Inter-carrier networks are here to stay - the challenges and opportunities this brings to wholesale service providers

Date: Mon, 09/15/2014 - 11:05 Source: MEF

MEF members including leading wholesale Service Providers, cloud and datacenter providers, equipment vendors and peers from a range of telecom organizations discussed, debated and shared views in Santa Clara, California, about the challenges and opportunities from the ever increasingly complex inter-carrier networking telco environment

Inter-carrier networks are here to stay - the challenges and opportunities this brings to wholesale service providers

Nan Chen, President, MEF

Image credited to MEF

Mobile, wireline, cloud and data center service providers rely increasingly on third party access vendors (AVs) to fill gaps and increase footprint. Coverage is ensured, but often with deployment delays, compromised performance and quality – because off-net circuits across multiple carrier networks are a challenge.
How can telecom services achieve the same operational simplicity, dynamic service performance and real-time operational state that can be found in the cloud today? How can the reliance on off-net circuits stop being a burden? What is needed to support critical inter-carrier requirements, such as audit and inventory, ordering, fault isolation and SLA management? How can the operator accelerate delivery, reduce OPEX and boost service quality and agility? What role does SDN and NFV play in all this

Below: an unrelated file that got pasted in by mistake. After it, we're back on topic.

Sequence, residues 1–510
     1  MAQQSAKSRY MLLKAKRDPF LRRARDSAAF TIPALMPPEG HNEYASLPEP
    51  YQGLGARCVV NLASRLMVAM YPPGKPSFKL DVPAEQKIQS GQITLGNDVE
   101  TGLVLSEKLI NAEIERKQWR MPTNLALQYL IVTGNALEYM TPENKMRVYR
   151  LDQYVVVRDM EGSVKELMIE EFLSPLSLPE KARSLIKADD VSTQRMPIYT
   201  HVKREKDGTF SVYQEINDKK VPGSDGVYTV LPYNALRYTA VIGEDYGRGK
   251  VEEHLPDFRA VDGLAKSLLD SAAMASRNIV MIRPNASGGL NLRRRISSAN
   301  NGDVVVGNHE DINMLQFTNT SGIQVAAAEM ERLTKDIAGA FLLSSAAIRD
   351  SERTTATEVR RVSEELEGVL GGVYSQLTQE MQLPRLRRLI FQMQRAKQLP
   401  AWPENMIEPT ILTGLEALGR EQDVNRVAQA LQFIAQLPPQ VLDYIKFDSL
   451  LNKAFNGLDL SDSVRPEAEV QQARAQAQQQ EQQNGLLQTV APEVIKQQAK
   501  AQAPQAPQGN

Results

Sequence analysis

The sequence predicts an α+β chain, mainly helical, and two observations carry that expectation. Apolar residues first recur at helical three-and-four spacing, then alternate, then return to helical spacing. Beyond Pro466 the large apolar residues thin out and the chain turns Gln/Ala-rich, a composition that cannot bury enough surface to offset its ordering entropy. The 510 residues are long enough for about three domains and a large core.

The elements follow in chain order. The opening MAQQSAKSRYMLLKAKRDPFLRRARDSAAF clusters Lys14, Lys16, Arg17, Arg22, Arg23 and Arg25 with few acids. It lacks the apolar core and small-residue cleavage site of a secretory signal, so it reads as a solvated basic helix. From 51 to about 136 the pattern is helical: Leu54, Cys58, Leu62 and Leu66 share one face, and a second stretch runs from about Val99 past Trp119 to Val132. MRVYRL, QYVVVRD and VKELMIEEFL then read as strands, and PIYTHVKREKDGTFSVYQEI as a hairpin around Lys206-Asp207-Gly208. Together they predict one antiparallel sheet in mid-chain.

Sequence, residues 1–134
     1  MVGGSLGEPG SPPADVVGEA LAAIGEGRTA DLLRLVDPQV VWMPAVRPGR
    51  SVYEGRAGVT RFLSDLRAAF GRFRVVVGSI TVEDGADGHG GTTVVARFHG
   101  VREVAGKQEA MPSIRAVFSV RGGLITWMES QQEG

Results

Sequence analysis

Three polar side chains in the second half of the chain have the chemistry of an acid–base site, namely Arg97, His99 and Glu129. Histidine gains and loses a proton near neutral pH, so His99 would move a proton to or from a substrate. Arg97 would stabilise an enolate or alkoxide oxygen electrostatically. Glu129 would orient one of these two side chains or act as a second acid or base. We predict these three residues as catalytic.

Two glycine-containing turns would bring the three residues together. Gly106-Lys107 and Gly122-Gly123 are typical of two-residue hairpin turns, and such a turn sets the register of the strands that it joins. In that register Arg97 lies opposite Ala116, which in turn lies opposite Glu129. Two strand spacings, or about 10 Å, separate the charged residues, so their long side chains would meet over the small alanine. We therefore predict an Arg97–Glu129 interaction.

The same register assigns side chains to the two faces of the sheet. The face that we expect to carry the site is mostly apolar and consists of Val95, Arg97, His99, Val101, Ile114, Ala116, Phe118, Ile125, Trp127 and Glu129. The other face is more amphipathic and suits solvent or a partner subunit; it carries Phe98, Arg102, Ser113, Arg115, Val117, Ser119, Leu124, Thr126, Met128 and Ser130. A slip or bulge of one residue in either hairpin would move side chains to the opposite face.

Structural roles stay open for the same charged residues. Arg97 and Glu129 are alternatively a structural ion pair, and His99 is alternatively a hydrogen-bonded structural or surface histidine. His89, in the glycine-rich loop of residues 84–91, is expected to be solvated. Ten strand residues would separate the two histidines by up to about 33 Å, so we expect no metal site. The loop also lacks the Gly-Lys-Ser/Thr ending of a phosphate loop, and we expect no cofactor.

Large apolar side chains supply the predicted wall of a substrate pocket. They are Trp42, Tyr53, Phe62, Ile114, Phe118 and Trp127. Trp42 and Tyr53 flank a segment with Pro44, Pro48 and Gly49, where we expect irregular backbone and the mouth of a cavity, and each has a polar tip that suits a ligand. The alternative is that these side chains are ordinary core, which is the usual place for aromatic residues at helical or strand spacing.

Moderator: Michael Howard

Bob Mandeville, President, Iometrix
James Walker, Vice President Managed Network Services, Tata Communications and President of the CEF
Christopher Cullan, Director of Product Marketing, InfoVista
Andrew McFadzen, Head of Global Marketing for Network Solutions, Orange Business Services
Matthew Duckworth, Director of Marketing, Verizon Global Wholesale
Mark Showalter, Senior Director of Communications and Marketing, Infinera
Michael Howard, Co-founder of Infonetics Research
Nan Chen, President, MEF
Michael Howard launched the discussion with a brief outline of the current and anticipated market.
Firstly that the migration from TDM to Ethernet, though continuing apace, still has a long way to go. There is a lot of legacy stuff still out there.
Secondly: mobility – mobility everywhere. Customers want a service, but they want it to be available on the move. That means service providers are asked to connect customers with Ethernet anywhere, on-net and off-net. That in turn puts the emphasis on e-Access, further emphasised by the move to cloud services.
Thirdly, customers don’t just want the connection, they want services that work – and that is shifting the focus to SLAs and beyond to application performance and quality of experience.
Meanwhile the demand for Ethernet services is growing and carriers are responding with more and more new types of service with increasing demand for CE2.0 standards in RFPs. A March MEF survey showed the growing demand for CE2.0 e-Access certification: in the past 12 months, about 20% of RFPs required it, but in the following 12 months the figure was expected to rise to 65%.